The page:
Google, for instance, didn’t begin as a brilliant vision, but as a project to improve library searches, followed by a series of small discoveries that unlocked a revolutionary business model. Larry Page and Sergei Brin didn’t begin with an ingenious idea. But they certainly discovered one.

Reference:
Sims, Peter. “The Montessori Mafia.” Ideas Market RSS. The Wall Street Journal, n.d. Web. 08 Dec. 2014. <http://blogs.wsj.com/ideas-market/2011/04/05/the-montessori-mafia/&gt;.

Happy Holidays!

Merry-Christmas-Banner-Blue800

I. TODDLER NEWS
I can’t believe December is already here, bringing us 2015 right around the corner. We have been diligently working on introducing the sounds of the letters a to z. As we are working on the last set of letters, you might want to pick up on this great learning opportunity at home, too. Just remember that we are learning the letter sounds, not the letter names. The children really enjoy repeating the sound and then finding an item that starts with that sound. For example, say “a” (sound for short a) then say alligator, apple, etc.

November was full of excitement as the children worked very hard on their November and Thanksgiving art projects. They made a wreath using their hand tracings, a corn stalk, a turkey and a basket with fruits. The children love keeping their little hands busy with arts and crafts.

II. PRESCHOOL NEWS
This semester is almost over and the holiday season is about to start. I am very glad that the students have made significant progress academically and in other areas as well. Their communication skills have tremendously improved; they learned how to take care of themselves and the environments; they learned how and why to respect others, to behave and to use good manners; they gained self-confidence and self-esteem. I am very proud of them. I look forward to the parent-teacher conference to share the detailed information on their progress with you at the end of this semester.

We did our “First Thanksgiving” project. It is our tradition to celebrate the Thanksgiving holiday and learn history at the same time. We also learned rhymes and songs and did art and craft projects about the Pilgrims and Indians and the turkey. We had a wonderful time at our Thanksgiving party and our performance for our friends in the other classes was very successful. In science we studied how materials with different densities reacted in water. They learned the words ‘density’ and ‘volume’ and discovered how to raise and lower water levels using marbles. The students were excited and had so much fun during these experiments.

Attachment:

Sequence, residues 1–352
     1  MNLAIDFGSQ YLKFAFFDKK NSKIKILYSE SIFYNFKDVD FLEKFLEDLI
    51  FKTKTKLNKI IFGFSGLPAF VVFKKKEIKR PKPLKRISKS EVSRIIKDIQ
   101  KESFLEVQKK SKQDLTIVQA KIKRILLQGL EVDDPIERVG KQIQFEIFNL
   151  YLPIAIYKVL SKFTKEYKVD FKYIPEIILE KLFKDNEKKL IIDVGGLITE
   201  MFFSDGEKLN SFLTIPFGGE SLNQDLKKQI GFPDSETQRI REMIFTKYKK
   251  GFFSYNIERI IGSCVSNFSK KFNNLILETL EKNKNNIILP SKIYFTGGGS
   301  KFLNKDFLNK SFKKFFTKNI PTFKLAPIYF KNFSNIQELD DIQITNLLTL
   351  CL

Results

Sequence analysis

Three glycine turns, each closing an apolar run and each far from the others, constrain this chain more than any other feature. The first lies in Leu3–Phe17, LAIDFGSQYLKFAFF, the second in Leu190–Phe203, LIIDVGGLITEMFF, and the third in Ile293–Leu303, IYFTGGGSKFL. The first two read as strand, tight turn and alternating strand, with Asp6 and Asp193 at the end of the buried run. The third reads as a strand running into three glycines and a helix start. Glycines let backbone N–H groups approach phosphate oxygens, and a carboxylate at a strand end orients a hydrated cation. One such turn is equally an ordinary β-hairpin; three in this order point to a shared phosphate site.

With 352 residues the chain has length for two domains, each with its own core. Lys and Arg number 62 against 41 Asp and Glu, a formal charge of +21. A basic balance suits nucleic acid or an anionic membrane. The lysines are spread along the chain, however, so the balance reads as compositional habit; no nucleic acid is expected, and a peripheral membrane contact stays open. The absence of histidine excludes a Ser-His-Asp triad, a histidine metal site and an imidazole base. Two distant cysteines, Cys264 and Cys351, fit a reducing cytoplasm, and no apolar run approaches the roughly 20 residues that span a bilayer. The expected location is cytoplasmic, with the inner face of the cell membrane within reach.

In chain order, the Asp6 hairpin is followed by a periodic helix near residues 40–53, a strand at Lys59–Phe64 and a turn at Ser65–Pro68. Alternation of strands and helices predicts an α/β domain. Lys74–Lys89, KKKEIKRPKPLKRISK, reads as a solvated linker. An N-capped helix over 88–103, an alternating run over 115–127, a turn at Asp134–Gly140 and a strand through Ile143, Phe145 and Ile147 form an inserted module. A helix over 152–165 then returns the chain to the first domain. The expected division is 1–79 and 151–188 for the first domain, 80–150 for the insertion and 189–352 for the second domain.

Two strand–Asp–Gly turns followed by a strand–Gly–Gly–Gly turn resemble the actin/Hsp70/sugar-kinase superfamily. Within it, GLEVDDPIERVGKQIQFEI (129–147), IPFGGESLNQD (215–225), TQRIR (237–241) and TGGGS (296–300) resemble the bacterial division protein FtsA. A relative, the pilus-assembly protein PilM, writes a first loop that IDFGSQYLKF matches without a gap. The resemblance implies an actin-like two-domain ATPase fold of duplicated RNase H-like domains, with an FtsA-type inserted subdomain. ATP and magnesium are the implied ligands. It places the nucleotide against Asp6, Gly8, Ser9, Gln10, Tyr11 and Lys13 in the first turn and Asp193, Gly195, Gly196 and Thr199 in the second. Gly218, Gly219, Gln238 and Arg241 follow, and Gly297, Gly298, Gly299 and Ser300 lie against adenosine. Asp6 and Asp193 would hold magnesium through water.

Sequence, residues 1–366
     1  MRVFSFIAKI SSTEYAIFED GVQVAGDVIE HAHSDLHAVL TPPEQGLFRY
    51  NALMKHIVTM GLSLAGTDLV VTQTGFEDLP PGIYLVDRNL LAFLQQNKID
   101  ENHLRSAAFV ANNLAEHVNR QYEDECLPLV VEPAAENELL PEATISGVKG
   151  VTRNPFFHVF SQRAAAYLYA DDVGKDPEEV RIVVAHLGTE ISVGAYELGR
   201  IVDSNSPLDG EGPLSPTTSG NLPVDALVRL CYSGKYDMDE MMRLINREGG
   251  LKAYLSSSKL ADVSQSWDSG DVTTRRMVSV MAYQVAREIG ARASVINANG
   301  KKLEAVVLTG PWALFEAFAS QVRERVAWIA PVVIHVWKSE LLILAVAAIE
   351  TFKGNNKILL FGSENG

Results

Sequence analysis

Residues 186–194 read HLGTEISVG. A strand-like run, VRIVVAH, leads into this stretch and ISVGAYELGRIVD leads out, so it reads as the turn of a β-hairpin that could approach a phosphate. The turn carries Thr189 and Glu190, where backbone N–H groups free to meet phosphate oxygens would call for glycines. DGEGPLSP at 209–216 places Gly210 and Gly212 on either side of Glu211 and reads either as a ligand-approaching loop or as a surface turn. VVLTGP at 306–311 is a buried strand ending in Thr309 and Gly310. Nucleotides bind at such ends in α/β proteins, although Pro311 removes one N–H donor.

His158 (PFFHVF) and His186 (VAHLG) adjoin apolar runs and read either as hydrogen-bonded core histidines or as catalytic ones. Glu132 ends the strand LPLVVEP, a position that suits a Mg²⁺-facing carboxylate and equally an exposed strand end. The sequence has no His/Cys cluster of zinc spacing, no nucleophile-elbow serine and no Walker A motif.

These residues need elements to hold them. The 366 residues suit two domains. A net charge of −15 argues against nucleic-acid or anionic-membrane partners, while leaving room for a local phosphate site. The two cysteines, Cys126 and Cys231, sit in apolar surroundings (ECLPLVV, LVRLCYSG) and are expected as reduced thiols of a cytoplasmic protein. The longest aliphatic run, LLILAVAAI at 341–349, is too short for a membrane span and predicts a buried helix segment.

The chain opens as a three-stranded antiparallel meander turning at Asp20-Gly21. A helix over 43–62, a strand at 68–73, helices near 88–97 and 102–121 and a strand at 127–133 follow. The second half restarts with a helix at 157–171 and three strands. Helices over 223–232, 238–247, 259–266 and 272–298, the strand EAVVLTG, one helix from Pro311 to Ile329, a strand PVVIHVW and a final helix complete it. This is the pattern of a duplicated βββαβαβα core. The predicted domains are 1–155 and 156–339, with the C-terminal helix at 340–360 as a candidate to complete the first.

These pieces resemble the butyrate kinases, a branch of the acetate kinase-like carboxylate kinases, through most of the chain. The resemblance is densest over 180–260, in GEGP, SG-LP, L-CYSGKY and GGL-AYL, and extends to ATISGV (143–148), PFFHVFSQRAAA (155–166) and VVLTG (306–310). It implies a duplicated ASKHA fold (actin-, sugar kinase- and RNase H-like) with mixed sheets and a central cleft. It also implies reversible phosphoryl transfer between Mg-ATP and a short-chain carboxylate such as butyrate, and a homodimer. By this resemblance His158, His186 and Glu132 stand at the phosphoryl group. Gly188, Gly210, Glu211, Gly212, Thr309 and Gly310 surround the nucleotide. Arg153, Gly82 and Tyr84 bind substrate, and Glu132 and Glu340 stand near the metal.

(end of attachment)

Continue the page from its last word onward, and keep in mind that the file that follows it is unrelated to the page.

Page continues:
This month we will continue introducing the children new knowledge while reviewing the concepts we have previously learned. We will be learning and singing holiday songs and doing arts and crafts about Santa, reindeer and other holiday related projects. We are looking forward to meeting with you at our parent-teacher conference.

III. ELEMENTARY NEWS
We have been studying the countries and capital cities of North America and South America. The students are now able to name the body parts of the frog and the fish as well as the parts of a tree. The parts of an atom were introduced and they expressed amazement in learning that everything is made of atoms. We made projects and learned songs related to the Thanksgiving celebration. We discussed the Thanksgiving holiday and reasons for celebrating it.

During the month of December, we will continue to study the structure of the first ten kinds of atoms. We will practice playing different rhythms using rhythm sticks and other percussion instruments.

We will also continue working on reading and spelling skills as well as studying about colors and musical notes. We will begin to name the body parts of the tortoise and bird. We are planning to finish our family chart, using pictures of the child and his/her family members.

May the peace and joy of the holiday season be with you as we culminate the year of 2014 and welcome 2015!